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What would life be like on a planet orbiting a pulsar? Astronomers estimate that the Milky Way contains an estimated 1 billion neutron stars, of which about 200,000 are pulsars –neutron stars of only 10 to 30 kilometers in diameter with enormous magnetic fields, that accrete matter and regularly burst out large amounts of X-rays and other energetic particles. So far, 3000 pulsars have been studied and only 5 pulsar planets have been found. In 1992, the first exoplanets ever were discovered around pulsar PSR B1257+12.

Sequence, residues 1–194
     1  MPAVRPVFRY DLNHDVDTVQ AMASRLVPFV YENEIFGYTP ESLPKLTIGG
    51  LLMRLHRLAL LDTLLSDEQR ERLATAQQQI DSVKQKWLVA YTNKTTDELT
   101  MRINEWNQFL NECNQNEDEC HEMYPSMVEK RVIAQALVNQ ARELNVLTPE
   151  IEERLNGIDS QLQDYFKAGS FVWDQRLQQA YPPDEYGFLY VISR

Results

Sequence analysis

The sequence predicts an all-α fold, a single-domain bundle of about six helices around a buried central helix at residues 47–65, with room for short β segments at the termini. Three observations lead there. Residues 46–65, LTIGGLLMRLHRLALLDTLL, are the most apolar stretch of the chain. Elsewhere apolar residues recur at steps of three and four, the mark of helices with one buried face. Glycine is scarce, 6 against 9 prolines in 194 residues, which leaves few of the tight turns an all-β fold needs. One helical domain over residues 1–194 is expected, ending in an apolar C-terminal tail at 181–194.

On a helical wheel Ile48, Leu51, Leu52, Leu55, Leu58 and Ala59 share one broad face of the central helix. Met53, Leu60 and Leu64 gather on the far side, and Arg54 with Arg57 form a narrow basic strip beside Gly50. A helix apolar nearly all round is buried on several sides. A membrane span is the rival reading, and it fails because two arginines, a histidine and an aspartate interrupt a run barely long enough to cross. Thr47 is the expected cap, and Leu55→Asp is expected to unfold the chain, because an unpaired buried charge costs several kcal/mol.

In a brilliant display of one-up-manship Harvard’s chief astronomer Avi Loeb suggests that “it is therefore reasonable to assume that planets might also exist around black holes, which, perhaps surprisingly to many people, have a much weaker impact on their environment than pulsars. It’s even possible that life may form on some of these planets, given that organisms on Earth have adapted to extreme conditions, including boiling heat, freezing cold, and acidic, highly salty and even radioactive environments.”

Inhabited planets, says Loeb, could survive near the supermassive black holes that lie at the cores of most galaxies. Our own galaxy, the Milky Way, harbors a black hole Sgr A* (Sgr stands for Sagittarius), with an innermost stable circular orbit that’s about the size of the orbit of Mercury.

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Category: Science